(In case you are unfamiliar with the Dublin Declaration, look it up to see how over a thousand medical professionals declare that abortion is never medically necessary.) 

There’s much more that could be said, but let’s move to the end of the life spectrum. I remember thinking as a teenager that it was a bit of an exaggeration to say that since we don’t value pre-born life, all human lives are in danger. Yet here it is.   

States should take adequate measures, without violating their other Covenant obligations, to prevent suicides, especially among individuals in particularly vulnerable situations. At the same time, States parties [may allow] [should not prevent] medical professionals to provide medical treatment or the medical means in order to facilitate the termination of life of [catastrophically] afflicted adults, such as the mortally wounded or terminally ill, who experience severe physical or mental pain and suffering and wish to die with dignity.

In other words, let’s make sure a hurting person doesn’t jump off the bridge—and yes, we need more of that. Let’s talk people off the ledge or, even better, walk together so no one needs to come close to the bridge—but not so we can offer a physician-assisted death in the hospital! The right to life has never included the right to death, and asking the medical profession to help kill a patient rather than provide care and comfort is entirely contrary to the “Do No Harm” principle.    

We talk with many who bring up similar arguments (e.g. the life of the mother, difficult circumstances, terminal illness) and we work through them. The bottom line is that we should never kill fellow human beings to solve difficult situations, and countless Canadians have changed their mind in response to a solid, winsome case for life they hadn’t considered before. But the Human Rights Committee should know better: there’s no excuse for bad arguments when you’re responsible for revising a document that literally affects how nations treat their most vulnerable citizens. 

That reminds me of a secret session I attended in New York which an official of the United Nations Population Fund, assuming that we were pro-abortion, invited us to. We were brought to an undisclosed location where Planned Parenthood and UNFPA officials presented on how to propel abortion forward. Plenty of practical tips and guerilla tactics were shared, but it came down to three things. Go for the youth; help women obtain illegal abortions where it is restricted; and force UN member states to allow free abortion on-demand.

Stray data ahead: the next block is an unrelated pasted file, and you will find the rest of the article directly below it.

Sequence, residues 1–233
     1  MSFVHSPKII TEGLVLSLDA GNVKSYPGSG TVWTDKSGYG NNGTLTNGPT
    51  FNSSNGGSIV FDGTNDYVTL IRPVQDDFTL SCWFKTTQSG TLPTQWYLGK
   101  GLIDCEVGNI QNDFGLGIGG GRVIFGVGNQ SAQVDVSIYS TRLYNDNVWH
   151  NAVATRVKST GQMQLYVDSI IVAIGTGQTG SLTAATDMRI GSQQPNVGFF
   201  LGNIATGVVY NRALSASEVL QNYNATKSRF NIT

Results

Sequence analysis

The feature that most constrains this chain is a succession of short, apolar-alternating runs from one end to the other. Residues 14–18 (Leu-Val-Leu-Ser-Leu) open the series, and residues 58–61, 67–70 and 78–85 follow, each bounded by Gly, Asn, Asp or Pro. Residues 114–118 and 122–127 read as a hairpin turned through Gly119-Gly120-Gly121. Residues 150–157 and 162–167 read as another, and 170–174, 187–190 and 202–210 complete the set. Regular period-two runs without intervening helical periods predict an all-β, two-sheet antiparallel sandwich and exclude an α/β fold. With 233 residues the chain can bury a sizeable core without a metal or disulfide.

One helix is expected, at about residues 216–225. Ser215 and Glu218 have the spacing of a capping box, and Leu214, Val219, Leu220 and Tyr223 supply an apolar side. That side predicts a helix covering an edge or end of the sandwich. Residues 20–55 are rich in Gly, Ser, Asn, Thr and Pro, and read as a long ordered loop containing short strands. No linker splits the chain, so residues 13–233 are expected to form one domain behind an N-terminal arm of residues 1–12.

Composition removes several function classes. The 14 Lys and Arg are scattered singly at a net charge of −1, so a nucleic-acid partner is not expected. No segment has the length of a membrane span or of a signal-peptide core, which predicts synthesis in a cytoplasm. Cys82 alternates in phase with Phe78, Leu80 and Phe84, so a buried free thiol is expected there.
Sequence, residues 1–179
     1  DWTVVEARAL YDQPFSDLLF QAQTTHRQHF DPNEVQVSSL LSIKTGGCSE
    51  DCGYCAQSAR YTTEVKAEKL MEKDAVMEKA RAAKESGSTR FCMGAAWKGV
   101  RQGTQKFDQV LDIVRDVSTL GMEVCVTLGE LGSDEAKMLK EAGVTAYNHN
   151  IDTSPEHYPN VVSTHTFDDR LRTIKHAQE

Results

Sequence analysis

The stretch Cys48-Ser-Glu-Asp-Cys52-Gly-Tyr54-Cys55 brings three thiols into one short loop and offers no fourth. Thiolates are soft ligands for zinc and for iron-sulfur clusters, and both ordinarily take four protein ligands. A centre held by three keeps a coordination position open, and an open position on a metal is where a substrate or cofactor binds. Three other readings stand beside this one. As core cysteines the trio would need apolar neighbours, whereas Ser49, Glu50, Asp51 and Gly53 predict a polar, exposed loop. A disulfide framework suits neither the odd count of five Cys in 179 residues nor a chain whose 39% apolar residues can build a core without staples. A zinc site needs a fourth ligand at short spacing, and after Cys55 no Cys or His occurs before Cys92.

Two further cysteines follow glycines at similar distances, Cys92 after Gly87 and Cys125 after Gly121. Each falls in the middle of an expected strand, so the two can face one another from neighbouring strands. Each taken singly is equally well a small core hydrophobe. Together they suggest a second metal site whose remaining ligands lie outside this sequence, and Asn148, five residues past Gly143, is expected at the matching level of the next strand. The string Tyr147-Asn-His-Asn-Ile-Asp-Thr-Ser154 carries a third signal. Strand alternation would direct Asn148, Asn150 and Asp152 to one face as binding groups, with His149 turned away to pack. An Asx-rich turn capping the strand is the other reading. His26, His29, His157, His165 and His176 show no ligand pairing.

Revising the definition of the right to life to include a woman’s right to abortion and anyone’s right to death is a powerful tool in that arsenal, but the biggest mistake to make is to assume that their victory is inevitable. I witnessed just small groups of pro-life people hold back the tide at the UN, petitions in hand with the names of people like yourself, which emboldened pro-life nations to stop policies that threaten their culture of life. 

That’s why, in conclusion, there are at least two things we can do: 

  1. Sign the ECLJ’s petition by Thursday, October 5th. The ECLJ has special consultative status before the UN and will submit a memorandum together with the petition to the Human Rights Committee on October 6th. 
  2. Activists or authorities can’t stop us from making a difference in our own communities. Start a meaningful conversation about abortion or visit someone who is sick, disabled, elderly, lonely, or otherwise vulnerable. 

For as Anne Frank once said, “How wonderful it is that nobody need wait a single moment before starting to improve the world.”